From ‘Kazablan’ to ‘Chanshi’: Phoebe Maltz Bovy dissects the inter-ethnic Jewish romance

There’s a line from Philip Roth’s novel, Portnoy’s Complaint, about the allure of Chinese restaurants to mid-century American Jews: “Here, we’re the WASPs!” The idea being, in more 21st-century terms, that whiteness is contextual. For an American Ashkenazi Jew in the 1950s, accustomed to being viewed as exotic or whatever in white Protestant society, a visit to a Chinese restaurant was a chance to be looked upon (or to imagine being looked upon) as merely white.

This line kept popping into my head while watching the first four episodes of Chanshi, Aleeza Chanowitz’s incredible new comedy series. In it, a young, red-headed, Ashkenazi woman goes to Israel to escape a stifling-to-her Orthodox Brooklyn upbringing, and, not incidentally, to pick up Mizrahi Israeli men.

I am still kicking myself that I forgot to bring up the 1973 Israeli movie Kazablan in the Bonjour Chai podcast conversation with Chanowitz. Are they the exact same thing? No, but both are set in Israel, with an Ashkenazi woman—Mizrahi man plot. The difference with Chanshi is that she’s not just Ashkenazi but American, and therefore arrives in Israel with a whole host of options that native-born Israelis wouldn’t necessarily have.

What I kept wondering, because I’m an over-educated millennial, was whether whiteness is central, or perhaps altogether irrelevant, to love stories involving unambiguously Jewish people of Eastern European and North African or Middle Eastern descent. Inter-ethnic, sure, but does race enter into it?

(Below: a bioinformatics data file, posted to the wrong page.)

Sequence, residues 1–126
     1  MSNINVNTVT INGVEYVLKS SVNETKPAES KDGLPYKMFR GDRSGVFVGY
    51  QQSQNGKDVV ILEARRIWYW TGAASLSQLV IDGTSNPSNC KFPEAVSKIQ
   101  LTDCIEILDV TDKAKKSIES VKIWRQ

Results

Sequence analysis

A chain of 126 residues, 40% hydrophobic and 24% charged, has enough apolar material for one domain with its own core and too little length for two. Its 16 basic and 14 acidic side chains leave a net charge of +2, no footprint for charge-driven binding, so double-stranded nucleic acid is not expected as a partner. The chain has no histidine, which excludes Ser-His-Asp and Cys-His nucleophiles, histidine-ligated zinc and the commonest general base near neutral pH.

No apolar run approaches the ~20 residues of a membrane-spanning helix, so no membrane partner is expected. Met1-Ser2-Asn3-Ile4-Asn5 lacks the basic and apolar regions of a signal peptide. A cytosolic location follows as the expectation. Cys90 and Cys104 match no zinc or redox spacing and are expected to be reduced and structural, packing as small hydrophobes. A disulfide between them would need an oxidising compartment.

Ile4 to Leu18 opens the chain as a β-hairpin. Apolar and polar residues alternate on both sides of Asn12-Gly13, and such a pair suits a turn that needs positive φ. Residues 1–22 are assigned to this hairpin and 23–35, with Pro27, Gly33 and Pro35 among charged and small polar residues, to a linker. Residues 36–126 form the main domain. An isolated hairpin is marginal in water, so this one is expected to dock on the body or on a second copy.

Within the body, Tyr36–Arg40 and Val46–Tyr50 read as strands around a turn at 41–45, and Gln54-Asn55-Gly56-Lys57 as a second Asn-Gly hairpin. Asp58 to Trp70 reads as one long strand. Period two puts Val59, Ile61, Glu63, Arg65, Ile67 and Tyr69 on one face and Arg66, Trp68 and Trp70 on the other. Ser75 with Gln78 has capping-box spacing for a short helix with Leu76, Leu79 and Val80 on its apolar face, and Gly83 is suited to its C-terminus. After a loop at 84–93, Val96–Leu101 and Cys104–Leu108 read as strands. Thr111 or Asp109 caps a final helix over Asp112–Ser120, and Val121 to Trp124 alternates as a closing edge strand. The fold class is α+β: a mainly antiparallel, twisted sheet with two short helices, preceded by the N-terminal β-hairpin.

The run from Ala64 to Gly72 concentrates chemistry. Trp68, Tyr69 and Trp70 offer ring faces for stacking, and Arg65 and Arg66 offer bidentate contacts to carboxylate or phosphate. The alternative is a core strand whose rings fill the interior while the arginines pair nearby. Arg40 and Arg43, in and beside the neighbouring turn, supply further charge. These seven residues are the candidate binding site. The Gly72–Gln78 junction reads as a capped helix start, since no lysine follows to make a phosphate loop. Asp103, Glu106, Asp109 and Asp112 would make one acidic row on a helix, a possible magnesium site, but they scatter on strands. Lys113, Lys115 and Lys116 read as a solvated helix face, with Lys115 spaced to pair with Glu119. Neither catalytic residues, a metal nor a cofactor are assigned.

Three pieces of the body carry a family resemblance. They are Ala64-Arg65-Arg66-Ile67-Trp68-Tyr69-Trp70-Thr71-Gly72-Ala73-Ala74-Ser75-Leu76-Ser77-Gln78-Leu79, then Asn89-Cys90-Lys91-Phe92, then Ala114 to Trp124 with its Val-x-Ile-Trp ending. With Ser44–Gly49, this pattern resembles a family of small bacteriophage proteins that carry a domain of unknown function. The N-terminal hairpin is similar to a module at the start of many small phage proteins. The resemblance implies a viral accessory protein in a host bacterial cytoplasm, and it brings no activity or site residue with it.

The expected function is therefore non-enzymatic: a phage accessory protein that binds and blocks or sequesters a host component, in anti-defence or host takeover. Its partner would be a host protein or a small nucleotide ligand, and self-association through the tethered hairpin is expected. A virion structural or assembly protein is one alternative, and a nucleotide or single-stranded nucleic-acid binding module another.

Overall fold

The equation of Ashkenazi Jews with whiteness is convenient when trying to stuff Jewish identity questions into a broader North American framework, but does not entirely add up. Plenty of non-white Jews have one Ashkenazi parent, and are therefore Ashkenazi as well as BIPOC.

And if you’re just going by what people look like, who can say? I’ve had Moroccan Jewish friends with light hair and complexions, and have 110 percent Ashkenazi relatives with the colouring that elicits, But where are you really from? If you have an instant sense of who’s who, this is probably more about picking up on cues from dress style or accents or whatever.

Then there’s the history itself, which has not been consistent in this regard. Divisions within the Jewish community about who’s the nobility and who are the plebs have included their fair bit of racism or xenophobia, but rarely mapped onto 21st century U.S. definitions of whiteness. In Revolution-era France, the posh and/or acculturated Jews, the ‘good’ ones per French powers-that-be at the time, were Sephardi, while the poorer Alsatian-Jewish masses were looked down upon. The (racist) thing where Ashkenazi Jews sometimes self-identify as the ‘civilized’ a.k.a. white Jews is extremely recent as these things go.

More recently, Western European Jews have looked down on Eastern European Jews, this despite these two groups of people being equivalently white. White, and yet, murdered en masse for being insufficiently white. Confusing, isn’t it.

And then there’s the famous Ashkenormativity, a term I heard for the first time about five minutes ago. Is Ashkenormativity merely North American racial politics transposed onto Jewish communities? Or is it at least as much about competing notions of Jewish authenticity, wherein a self-deprecating Ashkenazi Jew (a certain red-headed, now grey-haired, man with glasses comes to mind) is incorrectly assumed to be what all Jews are like. This can be helpful if your goal is fitting in within the Jewish community, but it is not quite the same thing as white privilege.

But back to the trope (can two instances be a trope?) of Ashkenazi woman—Mizrahi man romance. What if it’s much simpler, and is about the notion that a man should be tall, dark, and handsome, with Mizrahi as shorthand? Or, in the case of Chanshi, simpler still, and about young North American Jews finding their Israeli equivalents more tanned and fit equivalents of themselves, and therefore, alas, hot.

The CJN’s senior editor Phoebe Maltz Bovy can be reached at [email protected] and on Twitter @bovymaltz